The Glock executive testified that he would keep doing business with a gun dealer who had been indicted on a charge of violating firearms laws because: “This is still America,” and “You’re still innocent until proven guilty.”
The president of Sturm, Ruger & Co was not interested in knowing how often the police traced guns back to the company’s distributors, saying it “wouldn’t show us anything.”
Meanwhile, a top executive for Taurus International Manufacturing Inc said his company made no attempt to learn if dealers who sell its products were involved in gun trafficking on the black market.
“I don’t even know what a gun trafficker is,” he said.
The world’s firearms manufacturers have been largely silent in the debate over gun violence, but their voices emerge from thousands of pages of depositions in a series of liability lawsuits a decade ago, before US Congress passed a law shielding them from such suits in 2005. It was the only time many of them were forced to answer such questions.
Much of the testimony was marked confidential, and transcripts were packed away in archives at law firms and courthouses around the country, but a review of the documents, which were obtained by the New York Times, shows the industry’s leaders arguing, often with detachment and defiance, that their companies bear little responsibility, beyond what the law requires, for monitoring the distributors and dealers who sell their guns to the public.
The executives claimed not to know if their guns had ever been used in a crime. They eschewed voluntary measures to lessen the risk of them falling into the wrong hands and they denied that common danger signs — like a single person buying many guns at once or numerous “crime guns” that are traced to the same dealer — necessarily meant anything at all.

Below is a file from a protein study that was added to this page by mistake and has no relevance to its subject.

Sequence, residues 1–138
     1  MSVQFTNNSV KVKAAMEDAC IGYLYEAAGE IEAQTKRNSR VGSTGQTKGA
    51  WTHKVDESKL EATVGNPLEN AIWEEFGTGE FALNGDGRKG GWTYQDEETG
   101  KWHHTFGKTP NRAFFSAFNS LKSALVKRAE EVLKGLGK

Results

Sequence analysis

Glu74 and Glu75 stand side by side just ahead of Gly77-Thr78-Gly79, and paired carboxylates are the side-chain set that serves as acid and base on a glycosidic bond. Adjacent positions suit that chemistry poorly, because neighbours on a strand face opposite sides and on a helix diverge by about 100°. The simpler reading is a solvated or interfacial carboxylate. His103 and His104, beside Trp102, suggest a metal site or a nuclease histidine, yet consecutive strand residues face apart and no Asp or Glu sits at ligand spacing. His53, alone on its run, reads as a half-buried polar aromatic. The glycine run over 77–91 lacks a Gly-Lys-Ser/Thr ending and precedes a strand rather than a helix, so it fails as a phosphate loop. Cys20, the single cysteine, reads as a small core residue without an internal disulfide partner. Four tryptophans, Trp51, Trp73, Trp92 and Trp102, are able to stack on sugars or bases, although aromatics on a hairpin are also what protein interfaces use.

Charles Brown’s company, MKS Supply, is the sole distributor of an inexpensive brand of gun that frequently turns up in criminal investigations. He said he never examined the trace requests that MKS received from federal agents to learn which of his dealers sold the most crime guns.
This lack of interest was echoed by Charles Guevremont, the president of the gun manufacturer Browning Arms Co, who testified that his company would have no reason to review the practices of a dealer who was the subject of numerous trace requests.
“That’s not for us to enforce the law,” Guevremont said.
A discordant note was sounded by one executive — Ugo Gussalli Beretta, a scion of the family of Italian firearms makers. His testimony indicated that he did not understand how easy it was to buy multiple guns in the US, compared with his home country.
Questioned by a lawyer for the Brady Center to Prevent Gun Violence, he said he believed — incorrectly — that Beretta USA had a policy requiring its dealers to first determine if there was “a legitimate need” for someone to buy so many guns.
Asked why he thought that, Beretta replied: “common sense.”
Because the testimony came in the context of high-stakes litigation, it is difficult to tell how much of it reflected a studied attempt to avoid liability or a fundamentally laissez-faire attitude toward the firearms trade. Even so, many of those who testified are still with the same companies and the issues they were asked about have not gone away.
In the wake of the elementary-school massacre in Newtown, Connecticut, and other recent high-profile shootings, the gun industry’s response — that existing laws should be better enforced rather than new restrictions imposed — largely mirrors its stance from a decade ago.